Renj came to visit in the evening, bearing a tray of lopsided mini-muffins and nudging the door shut with his foot.
"Rukia's been experimenting again," he muttered after laying them out on the dresser, rubbing the back of his neck apologetically, but Izuru was touched.
"You don't have to mother hen me," he said nevertheless, peering down at his toes. "I'm fine. I overstepped my bounds. They were right to punish me."
Renji snorted in his familiar Renji way, all 'rage against the establishment'; if Izuru tried, he could see Renji spraypainting government buildings in another life. "Please. The old men are just trying to find scapegoats to come down on so that they can hide how badly they bungled up the /incident/. The only ones who deserve to be punished here are them and your snake of a cap- "
"Don't call him that!" Out of such instances did latrine duty start.
But it wasn't some random trainee across from him; it was Renji, steady as the mountains when it counted. "You're right," he said evenly, "he's not your captain anymore."
/He is. He is/. "Go away," he said, too tired for this. "Thanks for the muffins. They look - edible."
"You give them a lot of credit." Renji didn't move towards the door. He stood there and shuffled his feet, and then he said, "Look, have you talked to Hinamori yet?"
"Because I think you two might do each other some good. You were both played, you know? And she doesn't seem to see it, but - "
If he decked Renji now, he would be cleaning out the toilets until Ichigo and the rest of his mortal friends passed through the border to stay for good, so he just said, "Sure, I'll see if I can make some time. And now I really want to get some sleep, so - "
"Okay, yeah, I'll be going now. Uh, enjoy the muffins; I kind of helped with them," and there was Renji making his goodbyes, and the door shutting behind him.
Izuru dropped down on the bed and covered his eyes with one arm to block out the light.
Hinamori's captain had hurt her, deceived her, and now she was blaming Izuru's captain for it. It made conversations...awkward. Izuru didn't bother with blame; he knew deep down to the bone that Captain Ichimaru was perfectly equipped to commit treason on his own initiative.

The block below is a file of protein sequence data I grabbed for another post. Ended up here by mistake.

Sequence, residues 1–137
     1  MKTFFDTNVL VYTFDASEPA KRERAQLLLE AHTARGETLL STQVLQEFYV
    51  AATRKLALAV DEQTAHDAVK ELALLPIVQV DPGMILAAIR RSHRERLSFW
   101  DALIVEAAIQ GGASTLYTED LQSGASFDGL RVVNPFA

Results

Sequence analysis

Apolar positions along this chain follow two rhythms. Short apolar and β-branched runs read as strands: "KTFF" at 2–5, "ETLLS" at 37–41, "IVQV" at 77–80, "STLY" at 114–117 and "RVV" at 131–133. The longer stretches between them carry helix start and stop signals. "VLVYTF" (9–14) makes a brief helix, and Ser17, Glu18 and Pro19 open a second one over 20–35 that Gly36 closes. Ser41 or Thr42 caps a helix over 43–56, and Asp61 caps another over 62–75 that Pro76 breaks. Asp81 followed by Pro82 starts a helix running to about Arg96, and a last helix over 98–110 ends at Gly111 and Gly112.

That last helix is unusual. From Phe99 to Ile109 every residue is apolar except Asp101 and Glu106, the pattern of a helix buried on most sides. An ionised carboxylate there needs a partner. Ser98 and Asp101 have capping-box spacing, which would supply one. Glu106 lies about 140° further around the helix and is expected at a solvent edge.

He was nothing like Hinamori: he knew his captain. Captain Ichimaru slept with his limbs spread out and woke late, drank his coffee black but his tea with cream, crinkled his eyes in advance of a laugh, and enjoyed teasing Captain Hitsugaya more than Captain Kuchiki, though both were treats. He would read poetry and then take it apart without mercy. He loved situation comedies. He whispered in people's ears to make them shudder or blush, to get any reaction at all, and his hands dressing a wound could be as gentle as a kiss. He forgot his meetings half the time and went out with mismatched socks and unbuttoned shirts if unattended, he missed meals, hoarded junk food, and never gained a pound, and he might be happy now wherever he was, without Izuru, but he wouldn't be healthy.
And maybe sometimes, Izuru thought, Captain Ichimaru would miss him, because Captain Ichimaru really did like him, really did enjoy his company, really - he was almost sure of it.
He was nothing like Hinamori.
Capture, he thought afterwards, shouldn't have come as a great surprise. The higher-ups were probably expecting it. They certainly hadn't placed him on the attack force with any useful information.
Cap- Aizen conducted the first interrogation himself, which lasted almost half an hour before Captain Ichimaru, yawning in the shadows of one of the castle buttresses, said, "Give it up, Lord Aizen, he doesn't know anything. If he did, he'd have coughed it up by now."